-- the painted frogs
About a dozen species (one of them
probably extinct) make up this family of rather primitive frogs.
The genus Barbourula occurs on Borneo and the Philippines.
Otherwise, the group's main distribution is centered around the
Mediterranean. Included here are the interesting midwife toads
(Alytes spp.), the males of which wrap strings of eggs
about their hind legs and hide underground until they begin to
hatch, at which point they are carried to water. A new species,
A. muletensis, was discovered on Majorca in 1977. Among
the unusual features of the Discoglossids are the presense of
ribs in the adults and the firmly anchored disc-shaped tongue
for which the family was named.
Oriental Fire-Bellied Toad (Bombina
The oriental fire-bellied
toad is native to the mountain streams of Korea, northeast China
and southeast Russia. Its hardy constitution and handsome colors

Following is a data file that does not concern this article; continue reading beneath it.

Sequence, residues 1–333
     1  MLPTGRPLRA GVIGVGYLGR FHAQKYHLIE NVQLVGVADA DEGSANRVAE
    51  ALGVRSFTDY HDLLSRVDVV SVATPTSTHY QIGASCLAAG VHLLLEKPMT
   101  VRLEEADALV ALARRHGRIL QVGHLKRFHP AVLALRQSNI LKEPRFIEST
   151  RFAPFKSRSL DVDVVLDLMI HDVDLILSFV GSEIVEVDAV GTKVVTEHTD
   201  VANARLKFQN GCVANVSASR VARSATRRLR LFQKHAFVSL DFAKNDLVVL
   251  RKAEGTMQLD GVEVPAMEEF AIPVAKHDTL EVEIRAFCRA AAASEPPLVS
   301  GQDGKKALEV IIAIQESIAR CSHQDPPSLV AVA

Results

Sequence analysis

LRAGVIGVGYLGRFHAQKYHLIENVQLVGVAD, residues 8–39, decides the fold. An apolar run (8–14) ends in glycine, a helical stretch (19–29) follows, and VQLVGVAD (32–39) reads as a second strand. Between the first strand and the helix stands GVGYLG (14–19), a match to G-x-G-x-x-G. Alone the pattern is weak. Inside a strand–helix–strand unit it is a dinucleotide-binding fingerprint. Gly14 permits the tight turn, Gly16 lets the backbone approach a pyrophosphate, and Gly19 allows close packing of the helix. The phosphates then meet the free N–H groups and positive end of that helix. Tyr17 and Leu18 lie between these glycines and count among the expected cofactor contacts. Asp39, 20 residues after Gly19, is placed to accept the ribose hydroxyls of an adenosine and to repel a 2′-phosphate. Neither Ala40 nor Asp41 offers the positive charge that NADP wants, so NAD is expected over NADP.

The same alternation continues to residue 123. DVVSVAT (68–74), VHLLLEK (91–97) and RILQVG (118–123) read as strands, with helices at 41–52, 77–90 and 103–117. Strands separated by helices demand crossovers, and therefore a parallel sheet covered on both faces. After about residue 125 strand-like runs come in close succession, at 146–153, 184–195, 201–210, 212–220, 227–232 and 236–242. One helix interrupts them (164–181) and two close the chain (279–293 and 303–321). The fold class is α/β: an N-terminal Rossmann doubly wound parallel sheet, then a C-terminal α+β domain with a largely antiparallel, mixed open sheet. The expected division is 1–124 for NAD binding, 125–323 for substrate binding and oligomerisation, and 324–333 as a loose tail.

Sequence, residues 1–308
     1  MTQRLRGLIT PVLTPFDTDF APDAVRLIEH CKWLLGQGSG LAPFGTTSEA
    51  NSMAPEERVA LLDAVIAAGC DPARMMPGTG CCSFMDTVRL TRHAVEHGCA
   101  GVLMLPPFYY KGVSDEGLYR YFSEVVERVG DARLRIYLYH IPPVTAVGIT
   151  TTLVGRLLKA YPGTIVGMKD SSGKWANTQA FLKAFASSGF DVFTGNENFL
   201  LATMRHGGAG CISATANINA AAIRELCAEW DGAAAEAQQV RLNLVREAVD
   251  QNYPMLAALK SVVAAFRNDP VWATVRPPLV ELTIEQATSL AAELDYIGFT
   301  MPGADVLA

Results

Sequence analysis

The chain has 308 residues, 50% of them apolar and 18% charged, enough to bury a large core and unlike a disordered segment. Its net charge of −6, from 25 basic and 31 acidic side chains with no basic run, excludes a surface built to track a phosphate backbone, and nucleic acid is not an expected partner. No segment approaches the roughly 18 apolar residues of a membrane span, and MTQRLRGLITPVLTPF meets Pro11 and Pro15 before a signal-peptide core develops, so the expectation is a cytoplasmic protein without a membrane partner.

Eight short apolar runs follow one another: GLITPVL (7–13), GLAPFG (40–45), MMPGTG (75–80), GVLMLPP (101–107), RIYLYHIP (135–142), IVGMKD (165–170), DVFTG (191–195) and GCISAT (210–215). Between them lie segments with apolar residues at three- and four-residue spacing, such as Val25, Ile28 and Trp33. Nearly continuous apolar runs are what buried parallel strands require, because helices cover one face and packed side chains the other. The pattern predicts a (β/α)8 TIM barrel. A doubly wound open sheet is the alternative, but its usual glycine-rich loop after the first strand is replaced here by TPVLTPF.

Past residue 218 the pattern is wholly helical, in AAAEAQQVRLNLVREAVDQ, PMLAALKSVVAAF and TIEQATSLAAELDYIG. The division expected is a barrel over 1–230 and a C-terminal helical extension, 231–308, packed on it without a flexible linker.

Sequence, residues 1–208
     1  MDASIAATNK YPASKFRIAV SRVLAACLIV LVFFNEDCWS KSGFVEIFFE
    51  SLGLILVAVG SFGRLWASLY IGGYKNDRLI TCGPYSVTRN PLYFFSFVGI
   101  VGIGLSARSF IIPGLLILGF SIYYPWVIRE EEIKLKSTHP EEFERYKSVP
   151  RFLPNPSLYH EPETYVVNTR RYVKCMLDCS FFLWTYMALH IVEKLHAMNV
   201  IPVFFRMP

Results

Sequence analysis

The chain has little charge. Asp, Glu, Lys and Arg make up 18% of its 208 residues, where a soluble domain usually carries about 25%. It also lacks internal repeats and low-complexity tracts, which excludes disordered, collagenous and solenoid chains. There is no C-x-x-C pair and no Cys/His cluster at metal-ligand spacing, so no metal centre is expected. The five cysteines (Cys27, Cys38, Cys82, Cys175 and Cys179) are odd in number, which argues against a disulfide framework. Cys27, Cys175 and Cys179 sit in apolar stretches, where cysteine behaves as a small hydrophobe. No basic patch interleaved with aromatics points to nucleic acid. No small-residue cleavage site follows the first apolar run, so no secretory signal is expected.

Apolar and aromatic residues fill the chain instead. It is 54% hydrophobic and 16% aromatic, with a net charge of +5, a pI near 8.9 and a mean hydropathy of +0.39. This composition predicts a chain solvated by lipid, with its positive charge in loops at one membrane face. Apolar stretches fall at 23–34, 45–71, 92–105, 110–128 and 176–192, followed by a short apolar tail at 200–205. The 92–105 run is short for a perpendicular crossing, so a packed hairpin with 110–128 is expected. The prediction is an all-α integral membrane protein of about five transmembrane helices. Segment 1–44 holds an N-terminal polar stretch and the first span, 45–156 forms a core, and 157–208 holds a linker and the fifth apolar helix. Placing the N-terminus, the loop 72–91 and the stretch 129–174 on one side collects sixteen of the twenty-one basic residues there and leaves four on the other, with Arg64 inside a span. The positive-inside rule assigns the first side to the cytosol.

have made it a staple in the pet trade. Largely aquatic, it never
strays far from water and is commonly seen basking just beneath
the surface of quiet pools. When confronted by danger on land,
its response is to bend backwards and hold up its limbs, displaying
as much of its brilliant underside as possible. This behavior,
which is shared with a number of unrelated frogs, is known as
the "unkenreflex", from the German word for the fire-bellied
toad. The red of its belly comes from xanthin derived from small
aquatic crustaceans in its diet. When raised on crickets, captive
firebellies develop yellow venters. The eggs of this species
are deposited in a nest dug underneath a submerged stone.